or

[Qa / (4)]^2 Nr^2 + [Qa / (4)]^2} [(So^2 - 1) / (So^2 + 1)]^2

= [Qs]^2 [1 / {4 Pi^2}]

+ {Qs / [2 Pi]}^2 + Qs^2 Nr^2 / [Pi (So^2 - 1)]^2

or

[Qa / (4)]^2 Nr^2 - Qs^2 Nr^2 / [Pi (So^2 - 1)]^2

= [Qs]^2 [2 / {4 Pi^2}] - [Qa / (4)]^2} [(So^2 - 1) / (So^2 + 1)]^2

or

**Nr^2** = {[Qs]^2 [2 / {4 Pi^2}] - [Qa / (4)]^2} [(So^2 - 1) / (So^2 + 1)]^2}

/ {[Qa / (4)]^2 - Qs^2 / [Pi (So^2 - 1)]^2}

= {[2 / {4 Pi^2}] - [1 / (4)]^2} [(So^2 - 1) / (So^2 + 1)]^2}

/ {[1 / (4)]^2 - 1 / [Pi (So^2 - 1)]}^2}

= **[8 / Pi^2 - [(So^2 - 1) / (So^2 + 1)]^2} / {1 - (16 / [Pi (So^2 - 1)]^2)}**

Thus the boundary condition at R = Rc, H = 0 is:

**Nr^2 = [8 / Pi^2 - [(So^2 - 1) / (So^2 + 1)]^2} / {1 - (16 / [Pi (So^2 - 1)]^2)}**

**This expression, which is the boundary condition at R = Rc, H = 0 relates the spheromak shape factor So^2 to Nr^2.
**

**BOUNDARY CONDITION AT R = Rs, H = 0:**

(Epsilon / 2) (Fec Rc / Rs)^2 + (1 / 2 Mu) (Btic Rc / Rs)^2 = (Epsilon / 2) Eros^2 + (Bpos^2 / 2 Mu)

where:

Eric = Sac / Epsilon

and

Eros = (Sas / Epsilon) + (Fec Rc / Rs)

This boundary condition can be simplified by noting that:

[(Epsilon / 2) Eros^2 + (Bpos^2 / 2 Mu)]

is the total field energy density at R = Rs, H = 0 outside the spheromak wall. Outside the spheromak wall the total field energy density is given by:

U = Uo [Ro^2 / (K^2 Ro^2 + R^2 + H^2)]^2.

At R = Rs, H = 0 the field energy density outside the spheromak wall is:

U = Uo [Ro^2 / (K^2 Ro^2 + Rs^2)]^2

= K^4 (Bpo^2 / 2 Mu) [Ro^2 / (K^2 Ro^2 + Rs^2)]^2

= (Bpo^2 / 2 Mu)[K^2 Ro^2 / (K^2 Ro^2 + Rs^2)]^2

= (Bpo^2 / 2 Mu)[Rs Rc / (Rs Rc + Rs^2)]^2

= (Bpo^2 / 2 Mu)[Rc / (Rc + Rs)]^2

Thus the boundary condition at R = Rs, H = 0 becomes:

(Epsilon / 2) (Fec Rc / Rs)^2 + (1 / 2 Mu) (Btic Rc / Rs)^2 = (Bpo^2 / 2 Mu) [Rc / (Rc + Rs)]^2

or

(Epsilon / 2) (Sac Rc / Epsilon Rs)^2 + (1 / 2 Mu) (Btic Rc / Rs)^2 = (Bpo^2 / 2 Mu) [Rc / (Rc + Rs)]^2

or

(1 / 2 Epsilon) (Sac Rc / Rs)^2 + (1 / 2 Mu) (Btic Rc / Rs)^2 = (Bpo^2 / 2 Mu) [Rc / (Rc + Rs)]^2

or

(Sac Rc / Rs)^2 + (Epsilon / Mu) (Btic Rc / Rs)^2 = (Epsilon) (Bpo^2 / Mu) [Rc / (Rc + Rs)]^2

or

(Sac Rc / Rs)^2 + (Btic^2 / C^2 Mu^2) (Rc / Rs)^2 = (Bpo^2 / C^2 Mu^2) [Rc / (Rc + Rs)]^2

or

(Btic^2 / C^2 Mu^2) (Rc / Rs)^2 = (Bpo^2 / C^2 Mu^2) [Rc / (Rc + Rs)]^2 - (Sac Rc / Rs)^2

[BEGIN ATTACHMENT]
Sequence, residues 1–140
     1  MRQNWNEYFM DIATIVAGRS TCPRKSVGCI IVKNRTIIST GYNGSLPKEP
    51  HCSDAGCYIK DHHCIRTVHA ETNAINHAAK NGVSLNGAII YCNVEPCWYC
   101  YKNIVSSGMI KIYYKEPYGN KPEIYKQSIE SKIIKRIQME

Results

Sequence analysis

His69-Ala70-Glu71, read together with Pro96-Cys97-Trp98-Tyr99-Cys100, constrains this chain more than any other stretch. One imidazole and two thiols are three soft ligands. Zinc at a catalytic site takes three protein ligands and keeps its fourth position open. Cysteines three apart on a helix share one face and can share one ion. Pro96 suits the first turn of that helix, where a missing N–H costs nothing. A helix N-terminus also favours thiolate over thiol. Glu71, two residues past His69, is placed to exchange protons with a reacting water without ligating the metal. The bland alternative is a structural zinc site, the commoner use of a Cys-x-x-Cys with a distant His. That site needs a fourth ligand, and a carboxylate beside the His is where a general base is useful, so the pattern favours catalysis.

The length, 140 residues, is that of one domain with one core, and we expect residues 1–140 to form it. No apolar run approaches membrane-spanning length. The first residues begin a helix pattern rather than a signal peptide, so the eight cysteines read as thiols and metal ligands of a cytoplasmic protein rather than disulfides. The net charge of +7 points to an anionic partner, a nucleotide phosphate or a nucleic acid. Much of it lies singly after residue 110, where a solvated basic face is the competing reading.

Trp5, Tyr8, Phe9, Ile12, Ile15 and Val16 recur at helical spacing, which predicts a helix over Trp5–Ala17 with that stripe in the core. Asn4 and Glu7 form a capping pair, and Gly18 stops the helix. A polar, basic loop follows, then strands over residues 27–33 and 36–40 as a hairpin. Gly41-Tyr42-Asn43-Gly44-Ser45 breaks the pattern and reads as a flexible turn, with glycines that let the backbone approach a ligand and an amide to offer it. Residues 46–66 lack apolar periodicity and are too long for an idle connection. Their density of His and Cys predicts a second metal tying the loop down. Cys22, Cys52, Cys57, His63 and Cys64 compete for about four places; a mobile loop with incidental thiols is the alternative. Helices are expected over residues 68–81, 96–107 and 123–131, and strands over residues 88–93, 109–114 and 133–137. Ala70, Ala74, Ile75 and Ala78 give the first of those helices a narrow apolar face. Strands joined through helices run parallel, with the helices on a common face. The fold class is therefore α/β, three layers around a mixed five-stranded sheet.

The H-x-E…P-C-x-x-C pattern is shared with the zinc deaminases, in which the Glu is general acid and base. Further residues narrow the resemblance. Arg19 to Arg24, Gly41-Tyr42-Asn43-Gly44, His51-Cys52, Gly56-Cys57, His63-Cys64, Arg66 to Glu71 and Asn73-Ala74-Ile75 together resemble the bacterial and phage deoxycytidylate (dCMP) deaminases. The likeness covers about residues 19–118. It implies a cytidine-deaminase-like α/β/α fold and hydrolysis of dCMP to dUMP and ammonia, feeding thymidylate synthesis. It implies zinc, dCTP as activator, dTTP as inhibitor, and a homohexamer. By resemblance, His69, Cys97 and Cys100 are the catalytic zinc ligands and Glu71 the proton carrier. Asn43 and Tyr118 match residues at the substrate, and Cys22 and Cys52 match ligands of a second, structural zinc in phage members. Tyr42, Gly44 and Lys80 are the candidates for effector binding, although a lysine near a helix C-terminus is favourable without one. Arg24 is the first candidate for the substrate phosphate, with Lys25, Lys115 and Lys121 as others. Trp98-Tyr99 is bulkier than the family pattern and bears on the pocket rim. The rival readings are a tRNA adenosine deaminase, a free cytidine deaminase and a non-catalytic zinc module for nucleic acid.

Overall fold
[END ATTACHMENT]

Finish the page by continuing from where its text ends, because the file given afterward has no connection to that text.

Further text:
or

(Btic^2 / C^2 Mu^2) = (Bpo^2 / C^2 Mu^2) [Rs / (Rc + Rs)]^2 - (Sac Rs / Rs)^2

= (Bpo^2 / C^2 Mu^2) [So^2 / (So^2 + 1)]^2 - (Sac)^2

Recall that:

Btic^2 = (Mu Nt Ih / 2 Pi Rc)^2

= (Mu Nt Qs C / Lh 2 Pi Rc)^2

= (Mu Nt Qs C / 2 Pi Rc)^2 (1 / Pi^2)[1 / {[Np (Rs + Rc)]^2 + [Nt (Rs - Rc)]^2}]

= (Mu Nt Qs C / 2 Pi Rc)^2 [1 / (Pi^2 Nt^2 Rc^2)] [1 / {[Nr (So^2 + 1)]^2 + [(So^2 - 1)]^2}]

= (Mu Qs C / 2 Pi^2 Rc^2)^2 [1 / {[Nr (So^2 + 1)]^2 + [(So^2 - 1)]^2}]

Thus the boundary condition at R = Rs, H = 0 becomes:

(Mu Qs C / 2 Pi^2 Rc^2 C Mu)^2 [1 / {[Nr (So^2 + 1)]^2 + [(So^2 - 1)]^2}]

= (Bpo^2 / C^2 Mu^2) [So^2 / (So^2 + 1)]^2 - (Sac)^2

= (Bpo^2 / C^2 Mu^2) [So^2 / (So^2 + 1)]^2

- {Qs / [Pi^2 Rc^2 (So^2 - 1)]}^2 {[(So^2 - 1) / 2]^2 + [Nr]^2} / {[Nr (So^2 + 1)]^2 + [(So^2 - 1)]^2}

Multiply through by (Pi^2 / Qs)^2 {[Nr (So^2 + 1)]^2 + [(So^2 - 1)]^2}. Then this outer rim boundary condition becomes:

(1 / 2 Rc^2)^2 = (Bpo^2 / C^2 Mu^2) [So^2 / (So^2 + 1)]^2 (Pi^2 / Qs)^2 {[Nr (So^2 + 1)]^2 + [(So^2 - 1)]^2}

- {1 / [Rc^2 (So^2 - 1)]}^2 {[(So^2 - 1) / 2]^2 + [Nr]^2}

or

(1 / 2)^2 = [(Bpo^2 Rc^4 Pi^4 / Qs^2 C^2 Mu^2)] [So^2 / (So^2 + 1)]^2 {[Nr (So^2 + 1)]^2 + [(So^2 - 1)]^2}

- {1 / [(So^2 - 1)]}^2 {[(So^2 - 1) / 2]^2 + [Nr]^2}

Recall that from energy density function matching:

**Bpo^2 = [Mu^2 C^2][Qa / (4 Pi K^2 Ro^2)]^2**

Hence:BR>
(Bpo^2 Rc^4 Pi^4 / Qs^2 C^2 Mu^2) = [Mu^2 C^2][Qa / (4 Pi K^2 Ro^2)]^2 (Rc^4 Pi^4 / Qs^2 C^2 Mu^2)

= Pi^2 [Rc^2 / (4 K^2 Ro^2)]^2 [Qa / Qs]^2

= Pi^2 [1 / (4 So^2)]^2 [Qa / Qs]^2

Hence the boundary condition at R = Rs, H = 0 becomes:

(1 / 2)^2 = [Pi / (4 So^2)]^2 [Qa / Qs]^2 [So^2 / (So^2 + 1)]^2 {[Nr (So^2 + 1)]^2 + [(So^2 - 1)]^2}

- {1 / [(So^2 - 1)]}^2 {[(So^2 - 1) / 2]^2 + [Nr]^2}

or

(1 / 4) = [Pi^2 / 16] [Qa / Qs]^2 [1 / (So^2 + 1)]^2 {[Nr (So^2 + 1)]^2 + [(So^2 - 1)]^2}

- {1 / [(So^2 - 1)]}^2 {[(So^2 - 1) / 2]^2 + [Nr]^2}

or

(1 / 4) = [Nr^2 Pi^2 / 16][Qa / Qs]^2 + [Pi^2 / 16][Qa / Qs]^2 {[(So^2 - 1) / (So^2 + 1)]^2} - [1 / 4] - {Nr / [(So^2 - 1)]}^2

Collecting Nr^2 terms gives:

[Nr^2 Pi^2 / 16][Qa / Qs]^2 - {Nr / [(So^2 - 1)]}^2 = (1 / 4) - [Pi^2 / 16][Qa / Qs]^2 {[(So^2 - 1) /(So^2 + 1)]^2} + [1 / 4]

or